Celebrating the holidays
Associates and advisors share a glimpse into their most treasured holiday traditions.
Each year, we get a glimpse into how some families (albeit fictional) celebrate winter holidays.
Ralphie sets the stage at his house on Cleveland Street. Clark Griswold singlehandedly knocks down the power grid with his lights display. Adam Sandler sings "Eight Crazy Nights." Kevin's family takes annual vacations while he makes the most of getting left home alone. And Cindy Lou Who rediscovers the true meaning of the holidays.
Inspired by their holiday traditions, we asked associates and advisors to give us a glimpse into some of their own. See some of the ways they celebrate.
Food, family and festive traditions
Latkes and lights
Financial advisor Yaakov Ringler (whose children, Eden and Adie, are pictured here) celebrates Hannukah, the Jewish Festival of Lights, with his family. Together, they create homemade goodies cooked in oil, such as latkes (potato pancakes) and sufganiyot (jelly donuts), light the Hannukiya (menorah) and play spin the dreidel (spinning tops). “The symbolism of light is a powerful metaphor. It represents for us freedom, hope and spirit. It’s an all-around fun tradition to cook, light candles and play together with the whole family!”
“De parranda” until the sun rises
Associate Lianabel Mendez (pictured here with her family) celebrates Noche Buena (Christmas Eve) with a traditional dinner that consists of arroz con gandules (rice with pigeon peas), lechon asado (spit-roasted pork), and pasteles (tamale-like patties of green banana and meat). Dinner would not be complete without tembleque (coconut pudding) and coquito (Puerto Rican version of eggnog). After Mass, the night ends back home where they exchange gifts, or if they still want to keep the night going, they go “de parranda,” their version of a Christmas Carol, until the sun rises.
A low country boil with no rules
As a native-born Egyptian and Coptic Orthodox Christian, associate Sarah Fanous-Samaan (pictured here with her daughter Sophia) celebrates Christmas on both December 25 and January 7, according to the Gregorian and Julian calendars. “On Coptic Christmas, you’ll see many well-known Western Christmas traditions: We decorate trees with twinkling lights, eat special meals, give back to the community, and exchange gifts. We also have a few twists in the mix, some of them traditions from when Britain and France occupied Egypt.” Included in her celebrations is a pirate’s feast, during which they eat with their hands and happily toss food to one another.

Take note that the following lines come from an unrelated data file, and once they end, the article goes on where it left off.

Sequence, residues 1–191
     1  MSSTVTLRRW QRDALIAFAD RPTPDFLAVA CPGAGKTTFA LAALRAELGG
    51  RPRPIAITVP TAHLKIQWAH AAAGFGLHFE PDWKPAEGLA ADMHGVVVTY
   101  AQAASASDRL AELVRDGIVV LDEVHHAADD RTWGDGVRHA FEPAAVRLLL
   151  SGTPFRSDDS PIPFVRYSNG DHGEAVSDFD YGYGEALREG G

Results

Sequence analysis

Volunteering in the community
All aboard the North Pole Express
Financial advisor Jim Zientara (pictured here with Santa) is a year-round volunteer at the Florida Railroad Museum in Parrish, Florida. Each winter, he volunteers at their North Pole Express. “After boarding, passengers are entertained by Christmas carolers and greeted by Santa upon arrival. At the North Pole, there are plenty of activities for guests young and old – from hayrides, to games and more. It’s an opportunity for me to give back to my community, and it’s wonderful to see clients, families and friends enjoy the event each year.”
Spreading holiday cheer by singing loud for all to hear
Associate Alexa Grossenbach (pictured here with members of the Ruth Eckerd Hall Choir) volunteers with community members each December for an annual performance. “One of my fun facts is that I often start rehearsing holiday music just after Labor Day. And not only do I know all the words to the 12 Days of Christmas, but I can also rattle off the second, third and fourth verses to most holiday tunes.”
A tradition to remember and honor the fallen
Each December, members of Raymond James Valor (veterans inclusion network) participate in National Wreaths Across America Day. The event honors fallen servicemembers amid the holiday season through coordinated wreath-laying ceremonies at Arlington National Cemetery and more than 3,400 locations in all 50 states, at sea and abroad.
A group of Valor members and volunteers (pictured here) led efforts this year with other volunteers to unload over 18,000 wreaths from three trucks. Each wreath was carefully and thoughtfully placed by members of the community to honor those who have fallen.